Friday, March 20, 2015

No fair weather gardener

My college friend Lee Sessions is a native of Marietta, Georgia, and his mother was a cousin of Elizabeth Lawrence, to my mind the greatest garden writer who ever lived.  Lee just sent me the outline of a lecture given about Miss Lawrence, sent to him by yet another relative.

Margaret Moseley, as I have mentioned before and devote a chapter to in A Garden to Remember, revered Elizabeth Lawrence, had all her books and could quote long passages from them.  I found it interesting in what Lee sent me that Miss Lawrence was born on May 27 (my birthday).  Margaret's next birthday will be May 28th.  She will turn 99.

So much of Margaret's view of gardening and her interest in plants and handling them herself parallel the same opinions held by Miss Lawrence.  I do think that if Margaret had not stumbled upon her books, she would still have been out there every day, moving and sharing plants and corresponding with other gardeners she met through the Farmers and Consumers Market Bulletin (published by the Georgia Department of Agriculture).  Margaret sold poppy and impatiens seeds through the ads and had a lively correspondence going with those who bought from her.  The intent was never to get rich (hardly possible at .50 or $1.00), but to make sure others could have plants to enjoy.

Margaret also read extensively - everything she could get her hands on - and welcomed visitors to her garden.  You could be sure you'd drive away with a plant and with your heart beating so fast with inspiration to go home and garden with the same enthusiasm and joy as Margaret.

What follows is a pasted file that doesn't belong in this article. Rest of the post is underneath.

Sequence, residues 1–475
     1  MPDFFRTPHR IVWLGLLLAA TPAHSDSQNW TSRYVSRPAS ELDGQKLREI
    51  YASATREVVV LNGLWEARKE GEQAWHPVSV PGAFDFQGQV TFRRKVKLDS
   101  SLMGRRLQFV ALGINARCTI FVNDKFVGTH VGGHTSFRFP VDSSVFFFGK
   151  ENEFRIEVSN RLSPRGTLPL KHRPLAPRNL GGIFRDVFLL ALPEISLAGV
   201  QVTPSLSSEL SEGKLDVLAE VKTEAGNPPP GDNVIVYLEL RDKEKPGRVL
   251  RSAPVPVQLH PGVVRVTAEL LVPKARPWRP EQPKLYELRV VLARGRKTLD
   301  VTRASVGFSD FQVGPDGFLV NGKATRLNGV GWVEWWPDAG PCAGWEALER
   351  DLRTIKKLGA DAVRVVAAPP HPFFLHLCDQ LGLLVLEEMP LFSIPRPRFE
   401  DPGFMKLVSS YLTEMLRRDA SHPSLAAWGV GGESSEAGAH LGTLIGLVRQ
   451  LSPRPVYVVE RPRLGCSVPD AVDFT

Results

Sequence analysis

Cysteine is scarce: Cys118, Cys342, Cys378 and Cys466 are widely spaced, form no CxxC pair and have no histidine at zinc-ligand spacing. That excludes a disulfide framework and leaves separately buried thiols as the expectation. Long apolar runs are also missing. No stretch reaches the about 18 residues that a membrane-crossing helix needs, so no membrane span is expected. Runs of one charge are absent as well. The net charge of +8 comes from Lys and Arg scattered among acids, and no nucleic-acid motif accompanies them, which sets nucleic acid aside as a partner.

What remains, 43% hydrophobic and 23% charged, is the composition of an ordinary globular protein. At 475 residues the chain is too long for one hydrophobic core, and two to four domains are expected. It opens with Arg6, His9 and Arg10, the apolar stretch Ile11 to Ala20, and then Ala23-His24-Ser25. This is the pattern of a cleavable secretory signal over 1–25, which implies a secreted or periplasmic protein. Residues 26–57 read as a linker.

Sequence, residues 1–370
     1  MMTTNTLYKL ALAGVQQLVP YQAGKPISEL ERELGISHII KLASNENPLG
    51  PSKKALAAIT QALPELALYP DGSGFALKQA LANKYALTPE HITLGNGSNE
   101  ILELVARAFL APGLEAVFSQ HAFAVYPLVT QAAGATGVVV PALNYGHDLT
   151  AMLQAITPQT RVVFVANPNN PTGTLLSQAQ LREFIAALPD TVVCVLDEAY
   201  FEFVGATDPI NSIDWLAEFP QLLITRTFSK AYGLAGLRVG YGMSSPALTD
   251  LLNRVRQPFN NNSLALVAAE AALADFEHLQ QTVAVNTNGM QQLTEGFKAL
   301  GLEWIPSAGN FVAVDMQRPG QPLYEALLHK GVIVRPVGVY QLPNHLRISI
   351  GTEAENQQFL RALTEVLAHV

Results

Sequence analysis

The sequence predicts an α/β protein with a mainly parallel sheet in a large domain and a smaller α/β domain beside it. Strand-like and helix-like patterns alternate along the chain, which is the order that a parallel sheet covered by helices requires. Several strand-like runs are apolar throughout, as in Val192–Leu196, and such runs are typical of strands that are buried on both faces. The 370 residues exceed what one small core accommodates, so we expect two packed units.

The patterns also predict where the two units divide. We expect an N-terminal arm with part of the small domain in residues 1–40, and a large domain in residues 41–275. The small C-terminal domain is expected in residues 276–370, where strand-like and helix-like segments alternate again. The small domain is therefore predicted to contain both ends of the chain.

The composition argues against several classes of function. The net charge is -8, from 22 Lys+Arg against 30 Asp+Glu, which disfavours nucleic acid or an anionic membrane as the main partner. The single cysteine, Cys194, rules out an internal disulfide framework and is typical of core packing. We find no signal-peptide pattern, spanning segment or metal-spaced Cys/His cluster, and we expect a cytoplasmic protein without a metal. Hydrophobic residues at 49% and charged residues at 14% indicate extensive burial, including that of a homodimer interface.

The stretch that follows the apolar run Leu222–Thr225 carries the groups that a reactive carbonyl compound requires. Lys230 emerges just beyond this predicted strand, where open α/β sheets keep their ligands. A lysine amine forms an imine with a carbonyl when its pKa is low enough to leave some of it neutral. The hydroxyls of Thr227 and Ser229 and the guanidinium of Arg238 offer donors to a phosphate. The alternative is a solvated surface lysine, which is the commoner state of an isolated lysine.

I took the photograph of this daphne in her garden last Saturday.  Margaret is confined to bed now.  Her gardening days are behind her.  She still greets you with a laugh and the sharpest mind.  "Oh my, look who's here."

The above scene says a lot to me.  I had another view of green grass paths and camellias in bright red and pink.  It was hard to choose which to show.  Both reminded me of how Margaret would call me on the dullest days of winter and tell me that her garden was the prettiest it had ever been.  This didn't happen a few times.  It happened dozens of times each year.

Margaret was a hands-on gardener.  She dug the holes herself and ended up with a year-round garden - one that thrilled her no matter what the season.  She was out there every day.

So, when I was reading passages from the Elizabeth Lawrence lecture, I landed on this one:  "I never did care for fair weather gardeners.  Standing behind glass doors, they look out at the cold ground and leafless branches and exclaim, 'How beautiful this must be in spring.'"

This never applied to Margaret.  Yes, her garden was beautiful in spring, but with all the daphnes, hellebores, camellias, the Prunus mume (she has several), the rare and stunning Michelia maudiae,the leaves of Arum italicum and variegated money plant and Edgeworthia chrysantha and early daffodils, she never, ever looked out without seeing something beautiful - all due to her own creative spirit and hard work.

Sunday, March 15, 2015

Ready for beauty from out of the gloom

Where have I been for a month that I could not sit down to write?  The answer is "nowhere."  And, it's not as if the muse has left me completely.  It all has to do with how I manage my time, my bad habits (procrastination being at the top of the list), visitors from out of town (spent an entire week trying to make the house seem cleaner; finished right before they walked in the door).  Then, my spare time on decent days, I tried to get out to see Margaret Moseley, who is now bedridden, I'm sad to say.  Throw in five whole days of going through 28,000+ unlabeled (for the most part) photographs to make up a new Power Point presentation for a garden club, and...well, I'm wasting time with excuses.